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Thread: Wildlife Documentary Trailer

  1. #1
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    Default Wildlife Documentary Trailer

    This is my first ever edit of a video, so don't be too harsh!
    But any comments/crits are appreciated.
    It's just a short "trailer" to go on my portfolio/YouTube account while I am producing the full version.


  2. #2

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    Well, you've asked for it....

    Disappointed to see domestic farm animals at the beginning of a 'wildlife' trailer, although that is not a crit of the footage at all.

    The stills are plenty big enough to fill the frame, so why the vertical letterboxing? Get them into PS or the like and crop to the correct size for the frame, that way you avoid the problem.
    Apart from that, I enjoyed it and look forward to more. Music nice and relaxing to go along with the images.

    Ian
    I have six honest, serving men. They taught me all I knew.
    Their names are What and Why and When. And How and Where and Who! (Rudyard Kipling)
    http://www.sharpmedia.org.uk

  3. #3
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    Thanks for the tips!
    Yes the domestic animals, hadn't thought of that, although that footage is going to be a "setting the scene" not a documentary piece.
    The images letterboxing, it just did that itself but I will edit for the final cut piece. Thank you!

  4. #4

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    Nice first effort, Because the shot of the sheep walking over the bridge was so nice I think we can forgive the cross over of farm and wild life. Looked like a really cold day. Nice to see red squirrles for a change. I thought the titles and the music were very good. The one thing I would advise you to work on is the difference between the stills and the video. Edius has good colour correction tools, so I'm sure with a bit of practise you could do this. That is unless you want to make more of a feature of the photos like I did in my Holy Island video. I just put in a camera noise and kept them the origional size so they would stand out as stills from the video.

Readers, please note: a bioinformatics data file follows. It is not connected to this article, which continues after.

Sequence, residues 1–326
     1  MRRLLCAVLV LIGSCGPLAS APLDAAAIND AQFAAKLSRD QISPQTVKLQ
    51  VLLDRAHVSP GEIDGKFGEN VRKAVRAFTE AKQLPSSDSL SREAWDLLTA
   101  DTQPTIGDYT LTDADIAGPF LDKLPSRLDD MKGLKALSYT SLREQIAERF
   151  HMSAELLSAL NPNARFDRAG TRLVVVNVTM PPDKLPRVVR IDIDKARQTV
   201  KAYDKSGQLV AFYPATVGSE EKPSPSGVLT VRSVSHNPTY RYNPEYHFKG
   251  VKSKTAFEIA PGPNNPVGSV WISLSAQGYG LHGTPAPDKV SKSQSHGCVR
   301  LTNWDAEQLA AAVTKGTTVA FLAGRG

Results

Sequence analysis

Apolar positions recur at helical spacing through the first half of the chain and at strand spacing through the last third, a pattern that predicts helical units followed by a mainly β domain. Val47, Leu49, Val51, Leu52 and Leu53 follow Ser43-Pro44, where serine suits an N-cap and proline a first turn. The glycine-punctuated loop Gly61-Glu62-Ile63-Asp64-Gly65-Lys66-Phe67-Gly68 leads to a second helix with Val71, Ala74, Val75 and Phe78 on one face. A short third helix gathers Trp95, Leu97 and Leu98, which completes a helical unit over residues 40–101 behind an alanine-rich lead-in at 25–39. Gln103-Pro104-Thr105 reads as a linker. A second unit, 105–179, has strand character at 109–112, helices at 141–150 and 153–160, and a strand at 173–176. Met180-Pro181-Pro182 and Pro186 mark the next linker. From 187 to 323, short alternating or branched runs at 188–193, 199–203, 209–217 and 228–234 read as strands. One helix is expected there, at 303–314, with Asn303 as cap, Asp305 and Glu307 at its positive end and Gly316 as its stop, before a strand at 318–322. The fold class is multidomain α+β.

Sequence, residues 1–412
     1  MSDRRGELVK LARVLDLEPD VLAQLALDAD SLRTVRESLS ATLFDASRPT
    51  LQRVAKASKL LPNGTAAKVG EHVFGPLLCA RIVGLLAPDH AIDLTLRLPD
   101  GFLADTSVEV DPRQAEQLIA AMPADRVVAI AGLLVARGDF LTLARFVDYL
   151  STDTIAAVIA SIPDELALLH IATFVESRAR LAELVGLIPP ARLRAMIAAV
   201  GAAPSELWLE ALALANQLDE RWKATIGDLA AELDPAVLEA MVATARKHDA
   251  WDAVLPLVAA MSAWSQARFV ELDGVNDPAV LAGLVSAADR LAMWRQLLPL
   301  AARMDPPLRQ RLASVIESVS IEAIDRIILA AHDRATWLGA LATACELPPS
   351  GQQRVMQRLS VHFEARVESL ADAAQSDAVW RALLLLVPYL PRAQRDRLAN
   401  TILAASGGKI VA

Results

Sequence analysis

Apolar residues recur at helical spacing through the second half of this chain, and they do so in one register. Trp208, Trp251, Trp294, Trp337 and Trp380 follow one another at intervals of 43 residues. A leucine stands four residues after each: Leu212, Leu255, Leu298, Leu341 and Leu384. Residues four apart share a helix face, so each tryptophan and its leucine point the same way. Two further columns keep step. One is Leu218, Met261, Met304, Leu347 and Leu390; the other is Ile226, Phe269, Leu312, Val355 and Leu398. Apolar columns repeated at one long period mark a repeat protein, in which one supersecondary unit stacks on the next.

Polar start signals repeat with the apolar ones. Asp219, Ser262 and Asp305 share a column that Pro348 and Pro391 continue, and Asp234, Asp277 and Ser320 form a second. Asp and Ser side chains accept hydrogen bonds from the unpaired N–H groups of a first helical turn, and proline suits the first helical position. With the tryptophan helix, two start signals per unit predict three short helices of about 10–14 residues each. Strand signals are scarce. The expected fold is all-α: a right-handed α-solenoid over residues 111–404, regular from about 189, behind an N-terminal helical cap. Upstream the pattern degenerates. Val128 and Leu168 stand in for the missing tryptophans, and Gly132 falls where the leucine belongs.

Well done.
    Last edited by Midnight Blue; 02-25-2011 at 07:11 PM.

  5. #5
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    I've watched that before yes. I'd rather not the camera shutter noise though.
    What do you mean change the difference? Dull down the colour?
    I saw another photographer who did some work, he'd show the subject he was filming then put in a photograph of it he had taken and it worked well. Maybe it's taste I guess...

  6. #6
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    Very nice.

    Great video. Great-great photos!I Makes me want to go to Northumbria.

    However, I'm not sure that the combination of still and moving image meet successfully as far as animal-documentary is concerned. If we consider the purpose of each - photography is rather...expressive, if you will. I think. Capturing animals at their anthropomorphic best - and expressing their essence. Documentary on the other hand is observational. We're watching (observing) animals in their habitat, in the hopes we might see behaviour otherwise unseen, or identify with them when they show human characteristics. (Oh what a self obsessed species we are :P). But anywho, when combined together in this case, the photos make it feel like a fan video, expressing how fantastic 'squiralls' are, opposed to be a documentary-based observation grounded in learning, or self reflective learning.

    Sorry for that blabber-rant.
    Last edited by Spiral Dementia; 02-25-2011 at 03:39 PM.

  7. #7
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    Quote Originally Posted by Spiral Dementia View Post
    Very nice.

    Great video. Great-great photos!I want to go to Northumbria.